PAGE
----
(ZENIT News / Rome, 16.02.2023).- Pope Francis held two meetings with members of the Society of Jesus, during his recent visit to Africa: the first in the Congo with 82 Jesuits and the second in South Sudan with 11 Jesuits. There was a common question during both meetings: the Pontiff’s renunciation. The questions were direct and without courtesies. “There has been talk of your possible resignation. Are you really intent on leaving the Petrine ministry? What about the General of the Society? In your opinion, should his post remain for life? In South Sudan the question was no less direct: “Are you thinking of resigning? They asked without further ado.
To this second question the Holy Father answered: “It hasn’t gone through my head. However, I have written a letter and delivered it to Cardinal Bertone. It contains my renunciation in case I am not in conditions of health and conscious to be able to renounce. Pius XII also wrote a letter of renunciation in case Hitler took him to Germany. Then, he said, they would capture Eugenio Pacelli and not the Pope.”
In reality, the Pope alluded to this in one of the interviews he has given. However, it’s significant that the question is in the collective imagination, including that of Religious of the Congregation of which he was a part. What did he say to the Religious in the Congo? The Pope said: “Look, it’s true that I wrote my resignation two months after I was elected and delivered this letter to Cardinal Bertone. I don’t know where this letter is. I did so in case I had some health problem that would prevent me from exercising my ministry and I am not fully conscious and able to resign. However, this does not at all mean that resigning Popes should become, let’s say, a ‘fashion,’ a normal thing. Benedict had the courage to do so because he did not feel up to continuing due to his health. I, for the moment, do not have that on my agenda. I believe that the Pope’s ministry is ad vitam. I see no reason why it should not be so. Think that the ministry of the great Patriarchs is always for life! And the historical tradition is important. If, on the other hand, we are listening to the ‘chatter,’ well, then we should change Popes every six months!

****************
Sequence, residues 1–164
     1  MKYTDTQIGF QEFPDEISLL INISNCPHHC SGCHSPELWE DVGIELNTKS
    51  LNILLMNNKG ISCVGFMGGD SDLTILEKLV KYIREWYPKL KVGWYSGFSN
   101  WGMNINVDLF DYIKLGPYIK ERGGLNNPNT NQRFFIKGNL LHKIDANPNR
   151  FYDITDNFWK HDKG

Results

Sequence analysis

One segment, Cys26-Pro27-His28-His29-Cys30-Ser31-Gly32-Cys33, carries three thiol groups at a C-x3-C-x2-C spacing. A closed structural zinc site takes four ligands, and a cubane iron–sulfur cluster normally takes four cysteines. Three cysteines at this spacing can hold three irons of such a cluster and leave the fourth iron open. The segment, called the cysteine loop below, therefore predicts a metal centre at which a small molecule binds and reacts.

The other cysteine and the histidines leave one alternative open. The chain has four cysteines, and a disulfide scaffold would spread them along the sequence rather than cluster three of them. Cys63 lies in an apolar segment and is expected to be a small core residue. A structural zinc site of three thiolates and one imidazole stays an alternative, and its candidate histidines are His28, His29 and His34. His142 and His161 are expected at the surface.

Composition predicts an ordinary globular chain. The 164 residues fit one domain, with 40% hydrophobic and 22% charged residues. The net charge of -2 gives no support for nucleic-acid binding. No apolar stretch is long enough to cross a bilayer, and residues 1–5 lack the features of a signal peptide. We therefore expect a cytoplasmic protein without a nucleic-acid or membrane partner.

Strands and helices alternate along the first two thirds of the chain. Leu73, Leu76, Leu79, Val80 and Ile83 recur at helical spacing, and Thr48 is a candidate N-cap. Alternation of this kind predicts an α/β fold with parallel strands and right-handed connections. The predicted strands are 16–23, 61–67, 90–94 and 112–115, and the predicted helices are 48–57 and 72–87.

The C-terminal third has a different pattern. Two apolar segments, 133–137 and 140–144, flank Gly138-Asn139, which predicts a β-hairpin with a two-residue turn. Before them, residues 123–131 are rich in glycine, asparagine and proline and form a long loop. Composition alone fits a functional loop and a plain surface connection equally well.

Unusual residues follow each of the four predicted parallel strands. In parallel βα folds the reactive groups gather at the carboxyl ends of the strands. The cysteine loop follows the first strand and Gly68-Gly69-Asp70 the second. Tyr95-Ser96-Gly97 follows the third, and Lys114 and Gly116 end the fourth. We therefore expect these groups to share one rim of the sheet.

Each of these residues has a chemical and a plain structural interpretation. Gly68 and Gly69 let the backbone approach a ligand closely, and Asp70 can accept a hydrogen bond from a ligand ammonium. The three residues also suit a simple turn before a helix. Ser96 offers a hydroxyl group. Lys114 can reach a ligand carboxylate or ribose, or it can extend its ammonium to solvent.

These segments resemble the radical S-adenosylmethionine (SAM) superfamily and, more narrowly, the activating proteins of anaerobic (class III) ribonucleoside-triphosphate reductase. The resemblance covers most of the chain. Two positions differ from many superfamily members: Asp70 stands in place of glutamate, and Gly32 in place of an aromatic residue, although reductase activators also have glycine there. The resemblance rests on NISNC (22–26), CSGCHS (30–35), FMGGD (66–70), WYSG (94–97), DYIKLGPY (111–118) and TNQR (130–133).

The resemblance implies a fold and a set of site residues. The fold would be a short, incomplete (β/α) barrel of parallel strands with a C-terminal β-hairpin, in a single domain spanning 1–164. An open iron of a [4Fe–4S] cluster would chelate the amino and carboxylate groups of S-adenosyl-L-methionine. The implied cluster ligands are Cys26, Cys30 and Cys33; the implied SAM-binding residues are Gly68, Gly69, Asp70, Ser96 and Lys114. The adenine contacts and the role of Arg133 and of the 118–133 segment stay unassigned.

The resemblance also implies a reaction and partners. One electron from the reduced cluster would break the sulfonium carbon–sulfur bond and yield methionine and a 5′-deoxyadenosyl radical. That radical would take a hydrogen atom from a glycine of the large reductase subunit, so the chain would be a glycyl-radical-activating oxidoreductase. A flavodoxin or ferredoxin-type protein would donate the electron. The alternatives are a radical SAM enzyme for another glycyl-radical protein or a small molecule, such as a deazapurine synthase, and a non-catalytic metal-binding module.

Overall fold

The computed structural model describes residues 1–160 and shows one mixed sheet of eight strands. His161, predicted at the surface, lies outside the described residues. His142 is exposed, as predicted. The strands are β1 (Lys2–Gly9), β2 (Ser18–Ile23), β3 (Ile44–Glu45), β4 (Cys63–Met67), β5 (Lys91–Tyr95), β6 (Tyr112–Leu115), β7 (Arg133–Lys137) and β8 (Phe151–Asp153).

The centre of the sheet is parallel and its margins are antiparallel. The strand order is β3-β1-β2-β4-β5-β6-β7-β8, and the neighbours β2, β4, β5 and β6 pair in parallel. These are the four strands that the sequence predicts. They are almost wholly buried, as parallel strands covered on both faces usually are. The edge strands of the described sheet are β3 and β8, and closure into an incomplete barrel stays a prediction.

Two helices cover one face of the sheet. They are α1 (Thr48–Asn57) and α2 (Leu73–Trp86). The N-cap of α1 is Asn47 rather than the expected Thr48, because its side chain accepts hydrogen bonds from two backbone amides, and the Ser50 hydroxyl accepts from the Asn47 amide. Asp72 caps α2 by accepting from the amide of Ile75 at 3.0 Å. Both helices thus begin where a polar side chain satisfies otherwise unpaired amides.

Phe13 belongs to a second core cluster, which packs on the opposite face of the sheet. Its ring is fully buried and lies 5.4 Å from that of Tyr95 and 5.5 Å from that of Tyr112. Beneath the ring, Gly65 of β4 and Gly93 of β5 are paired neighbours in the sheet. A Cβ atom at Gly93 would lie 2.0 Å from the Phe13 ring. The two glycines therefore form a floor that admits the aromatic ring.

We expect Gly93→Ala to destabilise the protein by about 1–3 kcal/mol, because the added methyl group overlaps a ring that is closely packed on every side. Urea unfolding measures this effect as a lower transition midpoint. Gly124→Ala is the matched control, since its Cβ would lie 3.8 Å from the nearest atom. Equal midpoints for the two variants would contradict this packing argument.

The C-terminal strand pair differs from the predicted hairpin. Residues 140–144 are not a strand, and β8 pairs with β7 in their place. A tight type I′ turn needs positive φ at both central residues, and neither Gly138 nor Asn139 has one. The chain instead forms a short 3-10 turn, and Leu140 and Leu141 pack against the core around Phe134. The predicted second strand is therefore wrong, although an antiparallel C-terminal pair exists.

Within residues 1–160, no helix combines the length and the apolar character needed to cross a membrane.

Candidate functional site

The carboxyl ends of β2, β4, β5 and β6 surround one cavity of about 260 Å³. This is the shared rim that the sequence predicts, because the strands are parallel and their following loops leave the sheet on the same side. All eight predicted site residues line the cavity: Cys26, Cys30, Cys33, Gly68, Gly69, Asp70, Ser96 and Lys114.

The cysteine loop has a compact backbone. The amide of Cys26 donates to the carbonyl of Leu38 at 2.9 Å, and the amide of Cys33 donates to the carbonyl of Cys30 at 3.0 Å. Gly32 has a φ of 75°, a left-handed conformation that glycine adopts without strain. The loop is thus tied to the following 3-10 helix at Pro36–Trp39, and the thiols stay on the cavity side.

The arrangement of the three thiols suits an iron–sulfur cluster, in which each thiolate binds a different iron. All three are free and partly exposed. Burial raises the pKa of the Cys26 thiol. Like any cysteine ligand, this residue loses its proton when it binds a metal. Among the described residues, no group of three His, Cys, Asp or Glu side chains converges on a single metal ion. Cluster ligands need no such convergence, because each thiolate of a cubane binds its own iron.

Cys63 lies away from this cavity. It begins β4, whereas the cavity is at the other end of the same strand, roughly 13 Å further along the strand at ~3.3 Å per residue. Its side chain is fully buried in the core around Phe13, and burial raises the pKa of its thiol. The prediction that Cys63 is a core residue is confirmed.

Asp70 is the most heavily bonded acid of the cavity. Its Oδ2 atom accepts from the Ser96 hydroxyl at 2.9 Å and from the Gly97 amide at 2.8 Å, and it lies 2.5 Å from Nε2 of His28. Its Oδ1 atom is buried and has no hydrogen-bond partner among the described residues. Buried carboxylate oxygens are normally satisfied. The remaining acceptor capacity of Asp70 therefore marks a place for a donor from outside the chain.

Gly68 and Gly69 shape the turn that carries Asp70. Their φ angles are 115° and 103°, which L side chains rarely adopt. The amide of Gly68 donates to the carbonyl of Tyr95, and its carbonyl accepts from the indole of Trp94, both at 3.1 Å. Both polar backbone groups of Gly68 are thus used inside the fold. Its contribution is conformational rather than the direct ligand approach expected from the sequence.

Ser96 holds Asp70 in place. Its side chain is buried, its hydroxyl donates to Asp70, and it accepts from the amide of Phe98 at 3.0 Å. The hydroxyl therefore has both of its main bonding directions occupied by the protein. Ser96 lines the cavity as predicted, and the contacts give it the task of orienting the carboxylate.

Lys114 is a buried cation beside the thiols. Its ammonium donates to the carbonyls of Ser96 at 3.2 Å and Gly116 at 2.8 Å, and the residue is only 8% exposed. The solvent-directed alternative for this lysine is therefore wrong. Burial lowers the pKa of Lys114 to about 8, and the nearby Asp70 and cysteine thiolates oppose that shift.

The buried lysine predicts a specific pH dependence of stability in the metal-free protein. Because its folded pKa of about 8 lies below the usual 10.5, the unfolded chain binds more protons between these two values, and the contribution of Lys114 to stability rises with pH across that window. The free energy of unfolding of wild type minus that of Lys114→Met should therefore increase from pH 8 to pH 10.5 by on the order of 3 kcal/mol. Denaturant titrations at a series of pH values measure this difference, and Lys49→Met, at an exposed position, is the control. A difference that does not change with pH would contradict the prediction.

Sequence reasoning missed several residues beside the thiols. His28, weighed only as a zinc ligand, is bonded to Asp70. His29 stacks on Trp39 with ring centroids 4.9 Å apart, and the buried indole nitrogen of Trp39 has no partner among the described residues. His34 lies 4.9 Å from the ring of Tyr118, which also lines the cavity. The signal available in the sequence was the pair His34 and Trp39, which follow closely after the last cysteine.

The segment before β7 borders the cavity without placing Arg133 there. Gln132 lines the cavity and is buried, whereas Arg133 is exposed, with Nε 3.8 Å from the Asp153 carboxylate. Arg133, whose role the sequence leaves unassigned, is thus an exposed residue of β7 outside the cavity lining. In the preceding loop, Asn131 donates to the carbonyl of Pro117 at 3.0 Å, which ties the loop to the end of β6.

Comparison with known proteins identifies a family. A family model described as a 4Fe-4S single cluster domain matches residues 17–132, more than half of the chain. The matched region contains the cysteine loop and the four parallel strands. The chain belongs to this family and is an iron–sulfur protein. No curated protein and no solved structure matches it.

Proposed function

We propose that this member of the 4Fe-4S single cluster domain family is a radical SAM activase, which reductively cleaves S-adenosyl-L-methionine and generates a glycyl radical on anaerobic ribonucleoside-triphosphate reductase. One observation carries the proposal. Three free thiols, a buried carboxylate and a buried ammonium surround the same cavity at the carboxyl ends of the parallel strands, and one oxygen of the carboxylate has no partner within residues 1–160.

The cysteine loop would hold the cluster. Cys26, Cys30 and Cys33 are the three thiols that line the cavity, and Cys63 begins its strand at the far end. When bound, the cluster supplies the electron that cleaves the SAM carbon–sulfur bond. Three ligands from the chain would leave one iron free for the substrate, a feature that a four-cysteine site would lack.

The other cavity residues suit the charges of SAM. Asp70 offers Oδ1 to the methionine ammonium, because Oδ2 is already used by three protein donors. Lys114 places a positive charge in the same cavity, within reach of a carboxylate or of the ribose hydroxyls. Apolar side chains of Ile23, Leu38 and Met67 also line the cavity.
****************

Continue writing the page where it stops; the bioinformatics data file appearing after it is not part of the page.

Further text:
The Pontiff also spoke about the Superior General of the Jesuits: “About the Society of Jesus: yes, on this I am ‘conservative.’ It has to be for life. But, of course, the same question arises as with the Pope. Father Kolvenbach and Father Nicholas, the last two Generals, resigned for health reasons. It seems to me important to remember, as well, that one reason for the life-long generalship in the Society also arises to avoid electoral calculations, factions, chatter…